October 23rd, 2008
08:15 AM ET
14 years ago

Giuliani gets tough on Obama in new robocall

[cnn-photo-caption image= http://i2.cdn.turner.com/cnn/2008/images/10/22/art.giuliani.gi.jpg caption="Giuliani is in a new robocall for McCain."]

(CNN) - Rudy Giuliani is the star of a new robocall from the McCain campaign and the Republican National Committee that seeks to portray Barack Obama as soft on crime.

In the new call, to be blasted to voters in several swing states, the former federal prosecutor and New York City mayor says Obama opposes "mandatory prison sentences for sex offenders, drug dealers, and murderers."

"You need to know that Barack Obama opposes mandatory prison sentences for sex offenders, drug dealers, and murderers," Giuliani says in the call. "It's true, I read Obama's words myself. And recently, congressional liberals introduced a bill to eliminate mandatory prison sentences for violent criminals - trying to give liberal judges the power to decide whether criminals are sent to jail or set free."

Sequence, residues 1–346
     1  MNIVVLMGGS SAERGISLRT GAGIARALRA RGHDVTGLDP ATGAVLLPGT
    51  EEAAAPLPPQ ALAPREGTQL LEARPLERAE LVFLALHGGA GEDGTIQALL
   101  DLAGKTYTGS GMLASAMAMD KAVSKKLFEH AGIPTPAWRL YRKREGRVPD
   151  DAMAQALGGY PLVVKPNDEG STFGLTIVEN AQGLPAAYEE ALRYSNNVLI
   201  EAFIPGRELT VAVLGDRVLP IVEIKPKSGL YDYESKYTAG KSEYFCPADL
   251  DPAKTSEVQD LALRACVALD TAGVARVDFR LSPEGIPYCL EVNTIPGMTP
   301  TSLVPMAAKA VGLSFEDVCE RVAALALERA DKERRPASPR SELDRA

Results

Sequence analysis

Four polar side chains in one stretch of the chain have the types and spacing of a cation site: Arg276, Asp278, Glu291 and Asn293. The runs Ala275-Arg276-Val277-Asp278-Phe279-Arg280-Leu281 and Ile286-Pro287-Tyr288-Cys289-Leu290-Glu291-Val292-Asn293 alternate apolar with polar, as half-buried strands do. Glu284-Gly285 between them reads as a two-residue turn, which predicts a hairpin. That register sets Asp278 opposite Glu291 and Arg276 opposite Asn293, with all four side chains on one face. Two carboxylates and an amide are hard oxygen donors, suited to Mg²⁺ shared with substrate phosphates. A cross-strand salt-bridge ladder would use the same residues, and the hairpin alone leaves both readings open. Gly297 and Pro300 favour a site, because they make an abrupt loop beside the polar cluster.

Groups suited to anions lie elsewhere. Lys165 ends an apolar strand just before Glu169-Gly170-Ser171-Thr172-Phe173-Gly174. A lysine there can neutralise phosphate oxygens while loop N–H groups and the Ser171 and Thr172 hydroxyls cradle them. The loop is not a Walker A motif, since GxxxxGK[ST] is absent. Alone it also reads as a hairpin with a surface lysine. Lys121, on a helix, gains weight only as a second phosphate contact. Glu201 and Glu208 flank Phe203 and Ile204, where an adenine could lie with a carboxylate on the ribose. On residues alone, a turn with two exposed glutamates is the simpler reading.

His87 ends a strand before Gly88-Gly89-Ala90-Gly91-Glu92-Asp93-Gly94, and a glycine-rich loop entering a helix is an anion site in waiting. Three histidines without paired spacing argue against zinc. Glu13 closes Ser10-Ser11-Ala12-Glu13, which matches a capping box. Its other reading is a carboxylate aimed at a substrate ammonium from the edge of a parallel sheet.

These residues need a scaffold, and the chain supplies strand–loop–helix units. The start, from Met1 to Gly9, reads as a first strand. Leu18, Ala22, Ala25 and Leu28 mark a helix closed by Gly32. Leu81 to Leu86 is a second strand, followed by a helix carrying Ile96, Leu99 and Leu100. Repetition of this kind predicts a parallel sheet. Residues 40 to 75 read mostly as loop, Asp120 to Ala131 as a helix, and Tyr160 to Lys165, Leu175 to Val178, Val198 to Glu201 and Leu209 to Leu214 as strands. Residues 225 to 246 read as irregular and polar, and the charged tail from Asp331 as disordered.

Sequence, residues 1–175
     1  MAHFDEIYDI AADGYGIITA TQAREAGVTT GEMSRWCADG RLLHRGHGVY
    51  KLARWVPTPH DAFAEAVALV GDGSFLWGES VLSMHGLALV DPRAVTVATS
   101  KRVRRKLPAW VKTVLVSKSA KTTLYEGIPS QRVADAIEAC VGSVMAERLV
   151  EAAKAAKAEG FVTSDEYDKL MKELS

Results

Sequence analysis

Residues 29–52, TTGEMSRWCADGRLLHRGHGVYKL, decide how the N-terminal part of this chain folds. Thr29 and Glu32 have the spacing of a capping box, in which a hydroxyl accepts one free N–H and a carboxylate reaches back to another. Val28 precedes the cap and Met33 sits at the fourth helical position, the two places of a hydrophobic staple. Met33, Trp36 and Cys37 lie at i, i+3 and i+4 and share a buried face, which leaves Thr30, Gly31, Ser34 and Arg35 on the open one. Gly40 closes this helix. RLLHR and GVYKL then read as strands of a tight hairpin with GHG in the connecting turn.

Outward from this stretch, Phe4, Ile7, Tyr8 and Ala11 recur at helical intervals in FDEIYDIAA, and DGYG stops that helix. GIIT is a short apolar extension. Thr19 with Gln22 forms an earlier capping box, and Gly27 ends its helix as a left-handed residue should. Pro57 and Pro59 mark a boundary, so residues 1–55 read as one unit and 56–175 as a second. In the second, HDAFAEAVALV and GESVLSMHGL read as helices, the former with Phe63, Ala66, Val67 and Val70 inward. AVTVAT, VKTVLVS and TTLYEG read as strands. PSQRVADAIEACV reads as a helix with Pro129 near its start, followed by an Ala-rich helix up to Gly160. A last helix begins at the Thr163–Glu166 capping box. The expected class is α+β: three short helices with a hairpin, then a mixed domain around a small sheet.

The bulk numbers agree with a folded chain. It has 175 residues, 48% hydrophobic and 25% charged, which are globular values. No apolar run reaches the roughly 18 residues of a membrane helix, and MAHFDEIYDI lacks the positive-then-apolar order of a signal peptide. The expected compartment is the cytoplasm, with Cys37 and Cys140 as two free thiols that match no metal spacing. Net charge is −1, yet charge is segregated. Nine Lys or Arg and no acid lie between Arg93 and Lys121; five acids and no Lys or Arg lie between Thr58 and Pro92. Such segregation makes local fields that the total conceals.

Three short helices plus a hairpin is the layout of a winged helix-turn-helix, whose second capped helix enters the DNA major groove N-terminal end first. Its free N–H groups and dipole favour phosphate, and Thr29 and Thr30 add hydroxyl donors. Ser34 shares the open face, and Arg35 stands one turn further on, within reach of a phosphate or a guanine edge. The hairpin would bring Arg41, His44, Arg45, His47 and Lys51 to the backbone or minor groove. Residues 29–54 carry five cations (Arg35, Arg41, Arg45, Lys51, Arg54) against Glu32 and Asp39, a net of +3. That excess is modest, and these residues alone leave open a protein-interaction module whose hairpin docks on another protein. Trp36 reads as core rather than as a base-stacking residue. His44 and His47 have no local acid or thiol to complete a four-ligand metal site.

"With priorities like these, we just can't trust the inexperience and judgment of Barack Obama and his liberal allies," Giuliani says.

Listen: Giuliani narrates the McCain/RNC's latest robocall

The Obama campaign did not have an immediate comment, but according to its Web site, the Illinois senator does support "reforming mandatory minimum prison sentences."

"Every leading expert body in criminal justice has opposed the use of mandatory minimum sentences, including the Sentencing Commission, the Judicial Conference, the American Bar Association, and leading criminal justice scholars," his Web site ways.

Giuliani's robocall comes a week after the Republican National Committee and the McCain campaign blasted a robocall to swing-state voters highlighting the Democratic presidential candidate's connection to 1960's radical William Ayers.

Those calls have drawn criticism from a handful of vulnerable Senate Republicans wary of turning off independent voters, including Maine's Susan Collins, Minnesota's Norm Coleman and Oregon's Gordon Smith.

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